Some councils have only ever accepted plastics 1 & 2.Close
These items can be made of different plastic types, like PET or PVC.
Currently our plastics are sorted manually meaning it is difficult to distinguish between them, because they look identical.
We can recycle clear PET plastic with a reprocessor here in Aotearoa New Zealand, but unfortunately the PVC type plastic can contaminate a whole bale of PET plastic.
Because of this risk, our reprocessor will not accept PET trays or punnets unless they are sorted using an optical sorter. An optical sorter is a very expensive piece of equipment, which we don’t have in our district.
This means meat trays, biscuit trays and punnets marked ♳ can’t be recycled in our district, and have to go in the rubbish.
The good news is central government has announced that from late 2022, PVC meat trays, polystyrene takeaway packaging, and degradable plastic products will be banned. All other PVC and polystyrene food and drink packaging will be banned by 2025.Close
Coloured plastic marked ♳ (such as an L&P bottle ) is not currently recyclable as there is no market (here or overseas) for this product.
Different coloured plastics turns a muddy colour when recycled. It loses value as it can only be recycled to make grey or black coloured plastic products.
Companies prefer using clear ♳ plastic for food and beverage products, which is why there’s no market for recycled coloured ♳ plastic.
Clear plastic bottles marked ♳ (like most water or soft drink bottles) has value because it can be recycled easily into new food and beverage packaging.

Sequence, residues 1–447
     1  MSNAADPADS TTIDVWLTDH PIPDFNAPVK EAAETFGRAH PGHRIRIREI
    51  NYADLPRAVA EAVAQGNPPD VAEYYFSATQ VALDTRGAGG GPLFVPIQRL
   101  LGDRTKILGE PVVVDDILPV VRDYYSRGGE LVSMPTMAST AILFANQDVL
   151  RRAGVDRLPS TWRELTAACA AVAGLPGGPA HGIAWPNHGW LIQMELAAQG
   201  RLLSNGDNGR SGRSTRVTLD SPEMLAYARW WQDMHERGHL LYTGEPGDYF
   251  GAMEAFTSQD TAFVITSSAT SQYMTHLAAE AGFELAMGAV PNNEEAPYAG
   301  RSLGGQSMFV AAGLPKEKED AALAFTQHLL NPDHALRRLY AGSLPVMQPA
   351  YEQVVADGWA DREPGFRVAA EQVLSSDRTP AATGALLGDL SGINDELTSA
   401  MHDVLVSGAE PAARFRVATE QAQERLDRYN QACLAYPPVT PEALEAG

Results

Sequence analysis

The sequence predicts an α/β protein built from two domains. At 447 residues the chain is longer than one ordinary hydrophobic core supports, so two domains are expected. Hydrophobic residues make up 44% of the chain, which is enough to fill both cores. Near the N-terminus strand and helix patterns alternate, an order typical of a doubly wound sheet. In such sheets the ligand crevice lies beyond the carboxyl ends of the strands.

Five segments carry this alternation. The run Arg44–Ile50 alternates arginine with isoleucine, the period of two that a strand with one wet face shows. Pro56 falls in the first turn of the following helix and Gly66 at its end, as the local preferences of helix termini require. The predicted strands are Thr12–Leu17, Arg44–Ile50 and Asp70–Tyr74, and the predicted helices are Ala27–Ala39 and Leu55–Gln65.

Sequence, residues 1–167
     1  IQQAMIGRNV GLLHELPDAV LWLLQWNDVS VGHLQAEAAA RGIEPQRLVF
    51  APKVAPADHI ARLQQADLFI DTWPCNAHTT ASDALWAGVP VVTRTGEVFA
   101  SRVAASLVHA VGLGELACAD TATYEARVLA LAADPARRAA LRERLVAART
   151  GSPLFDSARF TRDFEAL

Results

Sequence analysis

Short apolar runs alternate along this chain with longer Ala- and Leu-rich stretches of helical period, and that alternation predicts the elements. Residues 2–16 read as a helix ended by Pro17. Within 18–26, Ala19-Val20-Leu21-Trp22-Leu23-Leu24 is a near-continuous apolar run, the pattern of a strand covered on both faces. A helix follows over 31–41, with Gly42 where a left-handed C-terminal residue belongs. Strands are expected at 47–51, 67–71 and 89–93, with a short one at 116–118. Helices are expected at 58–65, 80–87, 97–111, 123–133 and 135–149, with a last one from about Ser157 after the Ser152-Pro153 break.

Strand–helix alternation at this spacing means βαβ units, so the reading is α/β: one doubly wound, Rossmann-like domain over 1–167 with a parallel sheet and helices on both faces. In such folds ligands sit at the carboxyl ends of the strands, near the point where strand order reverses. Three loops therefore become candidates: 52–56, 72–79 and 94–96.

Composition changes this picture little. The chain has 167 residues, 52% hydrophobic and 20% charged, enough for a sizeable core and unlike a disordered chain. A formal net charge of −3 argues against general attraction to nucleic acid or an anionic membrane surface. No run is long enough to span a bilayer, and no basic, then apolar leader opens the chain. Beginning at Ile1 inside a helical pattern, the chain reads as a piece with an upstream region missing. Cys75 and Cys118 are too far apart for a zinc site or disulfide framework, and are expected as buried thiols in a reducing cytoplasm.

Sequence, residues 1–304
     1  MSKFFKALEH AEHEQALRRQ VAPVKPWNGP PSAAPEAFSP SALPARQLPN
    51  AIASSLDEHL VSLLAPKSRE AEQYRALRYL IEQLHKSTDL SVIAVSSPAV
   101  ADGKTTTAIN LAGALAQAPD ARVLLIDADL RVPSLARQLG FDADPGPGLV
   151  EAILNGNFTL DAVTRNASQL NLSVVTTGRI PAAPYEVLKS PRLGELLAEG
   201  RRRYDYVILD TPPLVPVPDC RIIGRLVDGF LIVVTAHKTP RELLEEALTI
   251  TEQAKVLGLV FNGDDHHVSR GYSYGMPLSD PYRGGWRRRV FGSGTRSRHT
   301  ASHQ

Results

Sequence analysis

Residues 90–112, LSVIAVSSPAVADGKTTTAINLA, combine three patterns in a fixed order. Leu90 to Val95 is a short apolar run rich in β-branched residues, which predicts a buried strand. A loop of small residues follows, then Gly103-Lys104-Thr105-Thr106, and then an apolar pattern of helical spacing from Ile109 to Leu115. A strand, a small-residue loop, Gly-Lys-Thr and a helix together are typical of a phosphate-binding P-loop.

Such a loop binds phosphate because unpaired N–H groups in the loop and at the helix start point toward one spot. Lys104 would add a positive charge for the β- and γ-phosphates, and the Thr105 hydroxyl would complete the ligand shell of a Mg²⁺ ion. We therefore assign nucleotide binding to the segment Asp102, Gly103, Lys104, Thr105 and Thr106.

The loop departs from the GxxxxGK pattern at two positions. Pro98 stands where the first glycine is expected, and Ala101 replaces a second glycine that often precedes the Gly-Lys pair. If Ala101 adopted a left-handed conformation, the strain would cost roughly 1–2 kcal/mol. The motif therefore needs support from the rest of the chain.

Ideally, try and look for the product you want in glass, aluminium cans or steel tins.Close
Blue bin - glass recycling
Only glass bottles and jars go in the blue bin.
Put other types of glass, like windows, drinking glasses, lightbulbs, perfume and moisturiser bottles, mirror, heatproof (e.g. Pyrex) in the rubbish bin.Close
These types of glass have a different chemical composition to glass bottles and jars and cause major problems during the recycling process.
Glass recycling is very sensitive to contamination.
The wrong type of glass, and crockery, is the worst contamination for glass recycling.Close
Yes. Make sure the bottle is empty and clean (a good shake with water and dishwash liquid helps). You don't need to remove the plastic pourer, but please remove the lid and put it in the rubbish bin.Close
A little bit of broken glass is okay. Glass is colour sorted by an optical sorter in Auckland, so the bigger the pieces of broken glass the better.
Remember, heatproof glass, crockery, drinking glasses, windows, perfume bottles, and mirrors all go in your red rubbish bin.Close
No. Technically it’s a contaminant, but for health and safety reasons we don’t want people trying to remove them. The recycling system can deal with this small amount of metal going in.Close
Red bin - rubbish
The red bin is for rubbish.